The IP packets have to take 10 hops to reach The first part goes through the routers of the Internet Service Provider Bahnhof, and the second part through the backbone of GleSYS AB, finally landing in the data center where the server is located.

In the column Packet Loss % we can see that very few packets are lost on the way to The only unexpected value is in hop 5 where we get 28 %. If that router drops so many packets how come the final loss is only 1% in hop 10? This may be because the router,, is configured to prioritize real packets. The conclusion is that this is not a problem.

In the rightmost column we can see the average time for the packets to travel from the start, to each hop, and back. The average is measured on 600 attempts. We can see that the packets travel very fast from start to finish and back: Only 6 ms is needed for the full round-trip. In hop number 2 there is a slightly longer round-trip time, 16 ms. This is however not a problem since the delay is not present in the subsequent hops.

From Singapore to Stockholm

In this MTR run I wanted to try a longer distance with more hops so I logged into a computer provided by DigitalOcean in Singapore. The target computer is still the server in Stockholm.

Start: 2024-03-13 16:26 (Swedish time)
No of cycles: 600 (10 minutes)
From: DigitalOcean data center in Singapore
To: production server in Stockholm
Hop Address Organization Location Packet Loss % Average time, there and back
0 A Linux virtual server Digital Ocean Singapore
1 Not reported Digital Ocean Singapore 100 %
2 Digital Ocean Singapore 0 % 1 ms
3 Digital Ocean Singapore 0 % 0 ms
4 Digital Ocean Singapore 0 % 0 ms
5 Digital Ocean Singapore 0 % 1 ms
6 Digital Ocean Singapore 0 % 0 ms
7 Arelion Singapore 88 % 96 ms
8 Arelion Singapore 60 % 1 ms
9 Arelion Marseille 0 % 151 ms
10 Arelion Frankfurt 0 % 157 ms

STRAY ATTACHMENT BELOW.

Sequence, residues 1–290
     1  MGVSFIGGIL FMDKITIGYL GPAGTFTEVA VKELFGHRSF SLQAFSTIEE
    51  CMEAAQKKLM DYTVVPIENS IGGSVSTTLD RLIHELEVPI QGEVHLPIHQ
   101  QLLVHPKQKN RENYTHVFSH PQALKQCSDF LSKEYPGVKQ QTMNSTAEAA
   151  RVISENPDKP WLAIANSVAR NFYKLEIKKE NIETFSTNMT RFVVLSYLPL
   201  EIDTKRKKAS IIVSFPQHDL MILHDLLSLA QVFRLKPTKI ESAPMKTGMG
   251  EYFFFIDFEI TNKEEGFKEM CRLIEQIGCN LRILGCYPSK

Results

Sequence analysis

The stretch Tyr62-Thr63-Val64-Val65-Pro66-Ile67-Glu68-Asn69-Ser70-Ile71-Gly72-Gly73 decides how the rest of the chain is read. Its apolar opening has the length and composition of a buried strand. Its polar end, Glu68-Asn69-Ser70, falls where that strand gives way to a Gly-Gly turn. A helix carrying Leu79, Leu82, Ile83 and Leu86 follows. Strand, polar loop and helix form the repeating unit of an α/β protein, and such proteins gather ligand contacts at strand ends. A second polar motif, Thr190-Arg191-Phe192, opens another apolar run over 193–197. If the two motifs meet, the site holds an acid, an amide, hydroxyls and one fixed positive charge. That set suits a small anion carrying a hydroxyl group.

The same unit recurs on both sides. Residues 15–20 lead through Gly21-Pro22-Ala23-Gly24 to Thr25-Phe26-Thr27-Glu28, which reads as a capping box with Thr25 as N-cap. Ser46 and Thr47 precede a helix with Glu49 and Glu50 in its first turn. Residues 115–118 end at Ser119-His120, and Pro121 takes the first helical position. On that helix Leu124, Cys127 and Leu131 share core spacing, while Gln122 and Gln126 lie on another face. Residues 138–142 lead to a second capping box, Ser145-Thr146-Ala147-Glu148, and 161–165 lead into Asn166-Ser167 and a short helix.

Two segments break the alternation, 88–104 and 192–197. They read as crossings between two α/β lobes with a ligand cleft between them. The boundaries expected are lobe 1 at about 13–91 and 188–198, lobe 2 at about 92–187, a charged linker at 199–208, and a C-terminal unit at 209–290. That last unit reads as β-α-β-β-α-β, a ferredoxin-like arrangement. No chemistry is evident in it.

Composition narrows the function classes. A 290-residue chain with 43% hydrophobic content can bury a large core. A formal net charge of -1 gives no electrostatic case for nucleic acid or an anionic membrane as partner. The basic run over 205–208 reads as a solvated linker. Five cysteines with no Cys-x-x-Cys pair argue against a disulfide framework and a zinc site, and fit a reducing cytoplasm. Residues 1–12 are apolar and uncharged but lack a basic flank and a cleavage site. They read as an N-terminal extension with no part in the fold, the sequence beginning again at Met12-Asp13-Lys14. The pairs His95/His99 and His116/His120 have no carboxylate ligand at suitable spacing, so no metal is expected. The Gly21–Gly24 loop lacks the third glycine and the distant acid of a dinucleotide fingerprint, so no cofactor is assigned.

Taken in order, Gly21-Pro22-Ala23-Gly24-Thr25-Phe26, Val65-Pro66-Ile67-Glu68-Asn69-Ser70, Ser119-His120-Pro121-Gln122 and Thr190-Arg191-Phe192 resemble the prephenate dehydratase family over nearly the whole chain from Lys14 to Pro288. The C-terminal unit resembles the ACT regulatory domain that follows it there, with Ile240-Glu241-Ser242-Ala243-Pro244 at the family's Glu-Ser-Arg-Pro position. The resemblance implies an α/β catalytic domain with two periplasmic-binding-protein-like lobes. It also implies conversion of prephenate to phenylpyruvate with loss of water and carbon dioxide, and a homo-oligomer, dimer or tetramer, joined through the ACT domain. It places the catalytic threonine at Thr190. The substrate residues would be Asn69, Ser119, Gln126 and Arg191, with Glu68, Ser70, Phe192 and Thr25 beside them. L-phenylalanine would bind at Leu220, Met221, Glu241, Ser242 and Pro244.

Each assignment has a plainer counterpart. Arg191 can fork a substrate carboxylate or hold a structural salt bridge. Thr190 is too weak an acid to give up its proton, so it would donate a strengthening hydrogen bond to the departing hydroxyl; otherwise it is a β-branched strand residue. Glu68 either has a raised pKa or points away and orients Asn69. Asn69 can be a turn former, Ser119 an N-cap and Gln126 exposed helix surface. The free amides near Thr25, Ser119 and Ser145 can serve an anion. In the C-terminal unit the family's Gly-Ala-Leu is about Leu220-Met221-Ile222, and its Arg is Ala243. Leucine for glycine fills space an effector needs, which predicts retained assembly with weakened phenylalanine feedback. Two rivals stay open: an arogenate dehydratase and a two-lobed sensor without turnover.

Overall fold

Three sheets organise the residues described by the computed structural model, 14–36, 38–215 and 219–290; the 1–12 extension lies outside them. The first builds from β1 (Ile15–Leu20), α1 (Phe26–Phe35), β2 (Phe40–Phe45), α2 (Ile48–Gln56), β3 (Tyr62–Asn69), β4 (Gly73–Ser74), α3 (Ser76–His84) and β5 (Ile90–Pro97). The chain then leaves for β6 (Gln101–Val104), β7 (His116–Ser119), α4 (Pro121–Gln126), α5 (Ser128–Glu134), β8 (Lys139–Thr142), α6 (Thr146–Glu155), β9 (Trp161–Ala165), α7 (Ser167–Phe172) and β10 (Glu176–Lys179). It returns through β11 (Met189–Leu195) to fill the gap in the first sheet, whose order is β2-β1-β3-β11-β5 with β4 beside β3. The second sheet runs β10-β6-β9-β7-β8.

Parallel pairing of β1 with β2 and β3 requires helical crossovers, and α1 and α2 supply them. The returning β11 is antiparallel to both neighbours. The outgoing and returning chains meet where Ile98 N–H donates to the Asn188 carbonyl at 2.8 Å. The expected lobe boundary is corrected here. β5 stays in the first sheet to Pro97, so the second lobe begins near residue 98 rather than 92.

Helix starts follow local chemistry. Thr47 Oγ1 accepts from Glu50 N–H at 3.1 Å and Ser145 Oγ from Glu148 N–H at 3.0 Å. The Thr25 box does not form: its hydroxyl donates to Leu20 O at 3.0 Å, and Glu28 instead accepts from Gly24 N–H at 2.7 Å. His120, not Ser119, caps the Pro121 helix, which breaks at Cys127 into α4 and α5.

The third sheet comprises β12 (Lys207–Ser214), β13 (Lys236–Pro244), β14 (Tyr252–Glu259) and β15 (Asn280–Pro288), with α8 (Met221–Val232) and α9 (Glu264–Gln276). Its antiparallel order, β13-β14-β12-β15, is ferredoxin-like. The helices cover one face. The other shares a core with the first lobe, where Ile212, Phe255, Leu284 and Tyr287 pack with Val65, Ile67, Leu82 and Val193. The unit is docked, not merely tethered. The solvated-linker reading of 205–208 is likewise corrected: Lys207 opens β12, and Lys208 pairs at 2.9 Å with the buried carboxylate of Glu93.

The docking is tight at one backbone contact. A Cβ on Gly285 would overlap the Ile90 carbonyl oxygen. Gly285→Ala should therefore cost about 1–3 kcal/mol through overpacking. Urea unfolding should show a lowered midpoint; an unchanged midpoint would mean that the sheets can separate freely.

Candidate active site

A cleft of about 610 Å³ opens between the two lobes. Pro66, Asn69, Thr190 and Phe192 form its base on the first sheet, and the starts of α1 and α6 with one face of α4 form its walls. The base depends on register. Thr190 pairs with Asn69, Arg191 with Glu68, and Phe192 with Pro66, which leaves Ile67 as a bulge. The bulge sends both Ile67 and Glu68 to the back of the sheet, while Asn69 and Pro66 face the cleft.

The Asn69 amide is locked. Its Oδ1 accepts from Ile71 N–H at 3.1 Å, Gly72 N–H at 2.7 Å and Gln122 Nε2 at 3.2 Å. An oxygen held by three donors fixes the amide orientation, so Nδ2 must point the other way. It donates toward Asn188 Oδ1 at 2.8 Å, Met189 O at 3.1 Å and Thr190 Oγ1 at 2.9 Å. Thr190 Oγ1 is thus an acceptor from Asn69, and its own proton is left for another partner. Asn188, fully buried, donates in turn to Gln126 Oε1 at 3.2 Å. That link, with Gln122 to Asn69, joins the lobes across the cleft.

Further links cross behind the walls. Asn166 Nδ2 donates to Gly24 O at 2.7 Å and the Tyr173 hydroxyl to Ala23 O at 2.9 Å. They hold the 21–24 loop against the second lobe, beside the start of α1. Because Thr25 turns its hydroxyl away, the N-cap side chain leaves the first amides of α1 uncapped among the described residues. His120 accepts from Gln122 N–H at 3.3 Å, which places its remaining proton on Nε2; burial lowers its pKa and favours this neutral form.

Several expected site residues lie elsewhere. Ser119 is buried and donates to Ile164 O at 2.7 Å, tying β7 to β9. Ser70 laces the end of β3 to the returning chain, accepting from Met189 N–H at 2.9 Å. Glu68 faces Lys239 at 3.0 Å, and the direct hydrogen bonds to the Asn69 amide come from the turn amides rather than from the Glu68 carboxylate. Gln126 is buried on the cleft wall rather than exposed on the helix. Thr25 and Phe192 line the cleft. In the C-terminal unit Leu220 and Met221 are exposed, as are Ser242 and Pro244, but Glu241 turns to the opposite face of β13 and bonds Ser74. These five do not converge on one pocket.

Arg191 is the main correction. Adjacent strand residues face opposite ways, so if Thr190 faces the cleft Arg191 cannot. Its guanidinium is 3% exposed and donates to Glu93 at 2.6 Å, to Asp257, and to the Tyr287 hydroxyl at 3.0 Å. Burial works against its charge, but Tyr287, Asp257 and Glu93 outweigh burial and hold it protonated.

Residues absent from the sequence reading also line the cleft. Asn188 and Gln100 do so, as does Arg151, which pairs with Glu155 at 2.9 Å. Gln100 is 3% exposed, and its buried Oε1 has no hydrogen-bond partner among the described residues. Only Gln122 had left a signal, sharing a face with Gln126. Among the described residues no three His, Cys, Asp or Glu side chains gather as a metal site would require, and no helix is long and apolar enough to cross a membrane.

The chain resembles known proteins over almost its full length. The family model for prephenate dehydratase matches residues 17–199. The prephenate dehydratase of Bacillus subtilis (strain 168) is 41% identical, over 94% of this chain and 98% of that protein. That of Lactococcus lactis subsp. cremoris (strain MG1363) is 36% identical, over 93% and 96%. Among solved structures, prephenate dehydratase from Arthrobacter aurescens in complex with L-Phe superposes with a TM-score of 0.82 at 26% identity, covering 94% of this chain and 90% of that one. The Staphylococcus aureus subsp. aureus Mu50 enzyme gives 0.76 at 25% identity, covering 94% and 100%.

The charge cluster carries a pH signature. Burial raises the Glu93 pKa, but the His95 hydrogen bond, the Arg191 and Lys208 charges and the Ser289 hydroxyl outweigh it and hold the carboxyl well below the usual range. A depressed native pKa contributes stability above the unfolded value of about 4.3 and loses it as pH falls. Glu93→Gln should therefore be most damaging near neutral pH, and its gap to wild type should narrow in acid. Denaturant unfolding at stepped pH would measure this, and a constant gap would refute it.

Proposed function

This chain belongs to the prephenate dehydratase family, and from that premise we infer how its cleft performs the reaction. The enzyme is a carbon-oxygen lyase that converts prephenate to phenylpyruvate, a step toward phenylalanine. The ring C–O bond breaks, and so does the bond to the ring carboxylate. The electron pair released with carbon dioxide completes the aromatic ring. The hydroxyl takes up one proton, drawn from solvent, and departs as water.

11 Arelion Frogfurt 53 % 155 ms
12 Arelion ? 0 % 233 ms
13 GleSYS Copenhagen 0 % 187 ms
14 GleSYS Malmö 3 % 165 ms
15 GleSYS Stockholm 3 % 234 ms
16 GleSYS Stockholm 4 % 256 ms
17 GleSYS Stockholm 0 % 250 ms
18 Sprend Stockholm 1 % 250 ms

As expected there are more hops for our fantastic frog to take, 8 more of them. We start with the DigitalOcean infrastructure, hop over to international backbone provider Arelion, and end, as before, in the GleSYS network.

As in the previous example, the packet loss in hop 1, 7, 8, and 11 can be safely ignored. Those routers don’t really care about the test packets that MTR sends out. The main point is that only 1% has been lost in the last hop.

The Average Time column is more interesting now that our famous frog is travelling to the other end of the pond. The interesting hop is number 9 which has an average of 151 ms in round-trip time. In the subsequent hops this number is never lower indicating that this delay will be present when real files are sent. It also makes sense since in hop 9 the packets are travelling from Singapore to Marseille, a rather long geographic distance.

The next delay that accumulates towards seems to be added in hop 15, with a round-trip time of 234 ms. The name of the router at hop no 14 indicates it is located in Malmö (, and no 15 in Stockholm ( That distance could (?) explain the longer time needed.


There are many more tests that we could/should run, from different parts of the world, highlighting different kinds of problems. We should also run the tests in the opposite direction since the return path may differ. We are going to add more examples to this articles in time.

As a Sprend user you may download MTR and run it against Please also contact us so that we can run MTR in the opposite direction. Together we might be able to find out why your transfer is slow. Happy sprending!